‘Dashing Through The Snowbirds’ – Meg Langslow #32 by Donna Andrews

Christmas in Caerphilly is wonderful! Unless you’re a Canadian whose inconsiderate boss is forcing you to spend the holiday there, far from family and friends, with only a slim chance of a white Christmas. Meg already has her hands full, trying to make the season festive for the dozen programmers who are staying with her and Michael while working on a rush project with her brother’s software company. At least it’s an interesting project, since the Canadian company is doing forensic genealogy and DNA analysis.

When the inconsiderate boss is found murdered, there are too many suspects. Even before their Christmas in exile, his own employees had plenty of motives, and the growing number of people suing the company for faulty DNA analysis and invasion of their genetic privacy include at least one notorious murderer. Can Meg crack the case in time to keep the Yuletide bright?

Donna Andrews is a very accomplished storyteller who, over the course of more than thirty novels, has created an eccentric but relatable cast of characters in the little town of Caerphilly, Virginia most of whom seem to be related one way or another to Meg Langslow.

When you visit Meg at Christmas, two things are guaranteed: chaotic festive fun as her family members throw themselves into the seasonal celebrations, and a murder, usually of someone who is quite hard to like and which Meg will end up entangled in because she notices things that other people miss.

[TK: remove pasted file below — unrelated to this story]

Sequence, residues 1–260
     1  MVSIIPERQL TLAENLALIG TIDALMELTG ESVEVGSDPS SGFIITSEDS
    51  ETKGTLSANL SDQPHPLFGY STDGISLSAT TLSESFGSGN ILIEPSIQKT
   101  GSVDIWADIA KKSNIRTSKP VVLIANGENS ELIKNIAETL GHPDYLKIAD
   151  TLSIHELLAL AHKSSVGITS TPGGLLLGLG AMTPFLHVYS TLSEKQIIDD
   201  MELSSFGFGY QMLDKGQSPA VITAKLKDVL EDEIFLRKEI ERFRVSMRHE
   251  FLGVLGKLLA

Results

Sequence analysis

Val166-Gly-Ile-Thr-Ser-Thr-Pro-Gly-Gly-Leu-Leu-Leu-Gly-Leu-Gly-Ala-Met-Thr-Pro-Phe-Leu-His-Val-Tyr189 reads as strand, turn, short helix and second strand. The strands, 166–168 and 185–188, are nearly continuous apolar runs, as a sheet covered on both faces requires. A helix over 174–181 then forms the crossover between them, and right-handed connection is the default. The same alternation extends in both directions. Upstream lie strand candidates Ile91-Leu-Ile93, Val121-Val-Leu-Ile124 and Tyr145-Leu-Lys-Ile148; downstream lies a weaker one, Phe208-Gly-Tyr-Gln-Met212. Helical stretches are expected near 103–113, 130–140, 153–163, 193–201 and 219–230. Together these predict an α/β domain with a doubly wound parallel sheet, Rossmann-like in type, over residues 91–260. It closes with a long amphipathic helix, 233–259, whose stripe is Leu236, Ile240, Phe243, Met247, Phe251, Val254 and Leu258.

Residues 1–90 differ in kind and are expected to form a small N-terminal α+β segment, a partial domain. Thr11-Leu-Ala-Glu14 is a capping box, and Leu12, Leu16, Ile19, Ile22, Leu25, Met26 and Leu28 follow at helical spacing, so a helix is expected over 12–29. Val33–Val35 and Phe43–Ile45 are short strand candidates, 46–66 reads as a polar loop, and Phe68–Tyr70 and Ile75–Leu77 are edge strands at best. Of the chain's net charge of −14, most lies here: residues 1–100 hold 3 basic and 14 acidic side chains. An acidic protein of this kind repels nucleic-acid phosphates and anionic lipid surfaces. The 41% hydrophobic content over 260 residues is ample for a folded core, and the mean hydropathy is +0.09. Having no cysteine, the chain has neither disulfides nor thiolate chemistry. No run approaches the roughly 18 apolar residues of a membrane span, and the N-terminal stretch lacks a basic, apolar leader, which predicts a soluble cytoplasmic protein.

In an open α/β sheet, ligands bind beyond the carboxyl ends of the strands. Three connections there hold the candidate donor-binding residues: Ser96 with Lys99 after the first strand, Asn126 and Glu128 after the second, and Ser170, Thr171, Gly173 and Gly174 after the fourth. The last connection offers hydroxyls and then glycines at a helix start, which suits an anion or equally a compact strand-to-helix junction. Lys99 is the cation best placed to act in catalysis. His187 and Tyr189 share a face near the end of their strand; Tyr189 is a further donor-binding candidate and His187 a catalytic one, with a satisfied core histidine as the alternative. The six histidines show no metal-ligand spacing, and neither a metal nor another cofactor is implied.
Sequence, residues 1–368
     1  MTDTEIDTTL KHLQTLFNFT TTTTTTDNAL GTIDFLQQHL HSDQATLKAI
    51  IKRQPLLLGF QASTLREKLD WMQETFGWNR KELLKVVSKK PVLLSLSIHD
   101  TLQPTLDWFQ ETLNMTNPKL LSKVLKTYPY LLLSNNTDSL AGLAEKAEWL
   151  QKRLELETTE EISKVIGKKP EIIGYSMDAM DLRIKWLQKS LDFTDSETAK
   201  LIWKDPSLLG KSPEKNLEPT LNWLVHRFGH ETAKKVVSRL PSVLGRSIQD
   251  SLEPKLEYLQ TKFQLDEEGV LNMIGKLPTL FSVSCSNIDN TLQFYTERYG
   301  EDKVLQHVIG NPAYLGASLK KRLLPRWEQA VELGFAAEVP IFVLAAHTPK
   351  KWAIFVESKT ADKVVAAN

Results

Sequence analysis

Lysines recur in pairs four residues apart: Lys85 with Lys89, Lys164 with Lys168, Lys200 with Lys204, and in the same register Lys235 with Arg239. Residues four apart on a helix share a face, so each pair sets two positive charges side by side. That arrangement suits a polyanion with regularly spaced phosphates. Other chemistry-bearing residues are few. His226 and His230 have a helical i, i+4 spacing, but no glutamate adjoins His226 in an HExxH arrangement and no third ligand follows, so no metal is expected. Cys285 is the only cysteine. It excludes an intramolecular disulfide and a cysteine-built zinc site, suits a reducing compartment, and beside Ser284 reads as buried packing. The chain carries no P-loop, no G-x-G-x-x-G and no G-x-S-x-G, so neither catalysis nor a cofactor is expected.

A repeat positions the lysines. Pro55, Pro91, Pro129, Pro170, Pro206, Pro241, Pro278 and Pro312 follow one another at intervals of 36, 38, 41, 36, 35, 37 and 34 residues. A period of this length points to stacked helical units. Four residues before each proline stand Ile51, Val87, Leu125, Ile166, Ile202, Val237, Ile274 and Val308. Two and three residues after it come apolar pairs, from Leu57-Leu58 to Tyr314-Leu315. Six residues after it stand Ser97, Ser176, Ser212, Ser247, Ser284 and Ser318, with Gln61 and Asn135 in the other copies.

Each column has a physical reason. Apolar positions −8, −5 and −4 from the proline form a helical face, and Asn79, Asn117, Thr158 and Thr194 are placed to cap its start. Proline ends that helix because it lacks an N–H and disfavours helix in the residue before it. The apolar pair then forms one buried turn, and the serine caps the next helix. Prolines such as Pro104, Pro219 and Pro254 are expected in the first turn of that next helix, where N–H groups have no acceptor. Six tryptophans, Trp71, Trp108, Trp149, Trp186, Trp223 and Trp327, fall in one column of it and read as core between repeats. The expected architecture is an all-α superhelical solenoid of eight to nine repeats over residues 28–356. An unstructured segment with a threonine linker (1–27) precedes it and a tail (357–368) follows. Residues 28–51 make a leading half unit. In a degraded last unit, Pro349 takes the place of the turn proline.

‘Dashing Through The Snowbirds’ changes up the formula by adding in a group of Canadian software engineers working towards a New Year deadline in collaboration with Meg’s brother’s software company Mutant Wizards and who are all staying in Meg’s house. Their boss, who we are repeatedly told is American (presumably because he’s a narcissist and a bully and so couldn’t be Canadian) is the one who I assumed from the beginning was marked for death but when, how, why and by whom were all unknown and actually quite surprising. This time, Meg not only inserts herself into the investigation but becomes a likely target of the killer or killers. As she puts it, she feels like she’s the goat in ‘Jurassic Park’ that’s been tethered to attract the attention of the T Rex.

There’s a good, moderately complicated murder mystery here, with a rich field of suspects and multiple tense, potentially lethal encounters. I thought the story stood up and I didn’t guess who was behind the killing.

Yet the murder and the subsequent investigation are not the main attraction in this Christmas book. We spend a long time in Caerphilly before anyone is killed and even during the investigation, a lot of the focus is on individual family members and on the challenge of keeping a bunch of Canadians happy. This includes setting up bird feeders to attract the Juncos and serving up homemade poutine.

I enjoyed the sense of calm emanating from the book. Meg may be surrounded by chaos and in the sights of an unknown murderer but she is never really out of her comfort zone. She thrives on having her family around her. She revels in their eccentricities and loves the challenge of finding ways to make everyone’s life easier. Sometimes she can come across as a little smug but she’s kind and clever, meas well and gets things done, so being a little smug just makes her charmingly human. Of course, she’s also quite good at figuring out who the murderer is. Something even the local Sheriff has started to accept.

I enjoyed my Christmas in Caerphilly. Despite the violence and the danger, I always knew that Meg would prevail, people would be nicer to one another than you might expect and that the real spirit of Christmas was in continuing to hope for the best even in the cold and the dark.

I recommend the audiobook version, narrated in her own distinctive style by Bernadette Dunne. Click on the SoundCloud link to hear a sample.

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